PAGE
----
Should you use the STEP 3D file format? Like with all 3D file formats, it depends on what you are trying to do. Here, I will talk about the strengths and weaknesses of the STEP file format so you can decide if it is right the task at hand.
|Ben Houston's Ultimate Guide to 3D File Formats|
|Part 1: glTF||Part 2: USD/USDZ||Part 3: FBX 3D||Part 4: OBJ 3D||Part 5: STEP||Part 6: glTF v. FBX 3D|
The STEP 3D file format is a data exchange format applied in the computer aided design (CAD) industry. It is primarily used to transfer real-world mechanical and architecture designs between different CAD software tools. Common CAD software tools that support STEP files include AutoCAD, Fusion, SolidWorks, OnShape, PTC Creo, CATIA and ArchiCAD.
A major reason for its popularity as a data exchange format is that it is an official international standard. It was standardized by ISO committee in 1994 under the official name “ISO 10303-21.” Being a standard makes it easier for the various CAD software tools to implement support for it.
Wide Support by CAD Tools
There is no other CAD format that has such wide adoption among professional CAD tools. There is no CAD tool that we know of that has significant usage that does not support the STEP file format. Thus if your goal to achieve wide interoperability with a large variety of CAD systems, this is by far the best format to use.
Mathematically Perfect Surface Definition
The STEP 3D file format stores its data using a mathematical representation of curves referred to as NURBS. The NURBs curve specification is capable of storing data with exact precision. This level of precision can not be achieved using the polygon and triangle representations utilized by visualization-oriented OBJ, FBX, glTF and USDZ. The NURBS representation is used by CAD files because it allows for the final manufactured creations to have perfectly smooth curves, like nicely rounded iPhone cases or beautiful sweeps on car bodies.
No Materials or Textures
The STEP file format is focused on the transfer of shape and form and not on visual appearance. This is partly because of its historical roots back in the mid-1990s when CAD systems were simpler. In the last decade CAD software tools have invested a significant amount of effort to support material on the CAD designed objects. For example, in an architectural design, the CAD tool may allow you to specify different surfaces to be concrete, or painted or stonework. In a mechanical CAD design, the CAD tool may allow you to specify surfaces as rubber, brass, steel or even a colored plastic. This material data is unfortunately not supported by the STEP format. Thus when using STEP to transfer data between CAD tools these rich material and texture assignments are lost.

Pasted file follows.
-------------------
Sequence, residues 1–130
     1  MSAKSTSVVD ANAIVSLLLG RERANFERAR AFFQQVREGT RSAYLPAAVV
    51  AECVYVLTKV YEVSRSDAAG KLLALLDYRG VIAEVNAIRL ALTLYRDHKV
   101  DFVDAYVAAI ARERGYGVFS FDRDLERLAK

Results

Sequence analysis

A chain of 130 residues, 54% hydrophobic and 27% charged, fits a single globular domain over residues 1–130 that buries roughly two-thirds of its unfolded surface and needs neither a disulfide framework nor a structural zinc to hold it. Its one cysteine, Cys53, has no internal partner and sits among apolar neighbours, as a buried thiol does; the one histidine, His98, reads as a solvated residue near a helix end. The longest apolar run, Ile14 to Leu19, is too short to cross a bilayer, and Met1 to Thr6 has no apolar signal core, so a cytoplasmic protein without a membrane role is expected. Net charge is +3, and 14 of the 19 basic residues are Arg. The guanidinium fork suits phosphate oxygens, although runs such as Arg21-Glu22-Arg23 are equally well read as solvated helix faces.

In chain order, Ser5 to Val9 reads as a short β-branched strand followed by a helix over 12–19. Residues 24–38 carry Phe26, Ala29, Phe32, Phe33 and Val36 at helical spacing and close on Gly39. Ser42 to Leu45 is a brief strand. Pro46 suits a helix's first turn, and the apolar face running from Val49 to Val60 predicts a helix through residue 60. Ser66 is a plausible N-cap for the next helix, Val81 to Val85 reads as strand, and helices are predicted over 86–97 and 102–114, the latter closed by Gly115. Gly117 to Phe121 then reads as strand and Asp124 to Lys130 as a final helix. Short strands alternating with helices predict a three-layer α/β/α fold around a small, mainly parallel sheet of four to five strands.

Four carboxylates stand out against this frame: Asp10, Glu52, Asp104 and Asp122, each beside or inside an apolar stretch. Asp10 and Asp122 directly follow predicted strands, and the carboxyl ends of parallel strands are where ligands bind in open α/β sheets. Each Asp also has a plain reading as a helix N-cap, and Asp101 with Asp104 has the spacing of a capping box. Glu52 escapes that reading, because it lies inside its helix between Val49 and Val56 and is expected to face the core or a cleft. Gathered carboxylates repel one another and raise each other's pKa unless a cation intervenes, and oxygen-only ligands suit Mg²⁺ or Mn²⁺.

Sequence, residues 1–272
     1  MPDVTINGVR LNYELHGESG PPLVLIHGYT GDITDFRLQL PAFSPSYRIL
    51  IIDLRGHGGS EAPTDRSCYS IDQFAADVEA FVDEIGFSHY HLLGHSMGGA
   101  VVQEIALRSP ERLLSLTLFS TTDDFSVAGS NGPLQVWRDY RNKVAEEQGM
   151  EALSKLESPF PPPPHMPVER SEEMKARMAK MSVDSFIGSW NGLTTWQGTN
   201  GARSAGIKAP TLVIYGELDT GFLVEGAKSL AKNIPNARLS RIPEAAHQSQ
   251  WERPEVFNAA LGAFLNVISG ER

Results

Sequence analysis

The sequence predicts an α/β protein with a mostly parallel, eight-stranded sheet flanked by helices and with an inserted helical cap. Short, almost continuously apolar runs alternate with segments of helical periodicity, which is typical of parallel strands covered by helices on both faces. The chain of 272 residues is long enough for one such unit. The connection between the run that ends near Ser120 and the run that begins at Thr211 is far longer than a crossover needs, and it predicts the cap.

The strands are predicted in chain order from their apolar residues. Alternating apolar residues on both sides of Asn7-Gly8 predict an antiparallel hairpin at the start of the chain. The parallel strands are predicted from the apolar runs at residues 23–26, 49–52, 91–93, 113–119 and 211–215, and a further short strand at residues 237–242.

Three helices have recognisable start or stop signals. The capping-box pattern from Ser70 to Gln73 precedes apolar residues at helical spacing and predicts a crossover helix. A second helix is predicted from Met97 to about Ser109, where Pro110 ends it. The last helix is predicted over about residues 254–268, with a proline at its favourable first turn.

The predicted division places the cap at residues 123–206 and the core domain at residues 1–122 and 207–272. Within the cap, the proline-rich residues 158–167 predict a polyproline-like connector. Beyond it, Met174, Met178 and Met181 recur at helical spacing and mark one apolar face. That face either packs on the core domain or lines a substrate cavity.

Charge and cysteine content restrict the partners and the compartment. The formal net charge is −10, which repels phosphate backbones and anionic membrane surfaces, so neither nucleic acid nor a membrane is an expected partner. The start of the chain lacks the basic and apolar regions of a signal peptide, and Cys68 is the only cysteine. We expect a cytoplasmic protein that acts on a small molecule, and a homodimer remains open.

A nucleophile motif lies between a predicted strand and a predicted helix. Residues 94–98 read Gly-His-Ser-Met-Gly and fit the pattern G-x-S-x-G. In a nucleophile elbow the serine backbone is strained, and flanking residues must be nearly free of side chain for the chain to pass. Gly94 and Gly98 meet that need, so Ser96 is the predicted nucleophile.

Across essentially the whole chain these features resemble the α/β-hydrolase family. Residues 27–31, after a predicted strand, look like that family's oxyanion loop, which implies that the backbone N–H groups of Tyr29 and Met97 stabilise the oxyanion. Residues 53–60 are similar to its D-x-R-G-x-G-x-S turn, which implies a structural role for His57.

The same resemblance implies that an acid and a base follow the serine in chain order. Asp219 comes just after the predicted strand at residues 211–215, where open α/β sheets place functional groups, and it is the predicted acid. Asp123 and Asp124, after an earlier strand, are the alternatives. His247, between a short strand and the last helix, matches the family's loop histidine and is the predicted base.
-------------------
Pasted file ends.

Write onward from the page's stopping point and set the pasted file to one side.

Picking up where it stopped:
No Lighting or Cameras
Similar to the reason that STEP does not contain material and texture data, it also doesn’t contain lighting nor camera information. Again it is because when the STEP file format was designed in the mid-1990s, CAD software tools were just focused on representing and transferring the shape of the objects being designed. This means that you can not represent camera or lighting setups in CAD files, where as you can in FBX and USDZ files.
Can’t be Directly Rendered
NURBS, the mathematical surface representation used by STEP 3D files, can not be directly rendered using a GPU nor can it be loaded by most renderers. Rather it needs to be processed by a software algorithm that converts the mathematical surface representation into a series of triangles. These surface “tessellation” algorithms are very complex, especially if you want efficient and fast results. Often people license these algorithms rather than writing it from scratch.
Complex Format Requirements
The STEP file format is relatively complex. Its data representation is very similar to a software programming language with an order set of procedural calls that can reference other procedural calls specified earlier. The specification, while complex, is open and well documented. This means that while it is a lot of work to implement, it is possible to implement it perfectly given sufficient time and attention.
The STEP 3D file format is a very useful file format for data transfer between CAD tools and from CAD tools to other 3D tools for the purpose of visualization. Its ability to represent perfect mathematical surfaces means that it meets the needs of engineers who want their designs to be manufactured. But its inability to represent materials, textures, lighting means that a model when transferring to a visualization tool will mean that it will have to be reworked in order to be usable.
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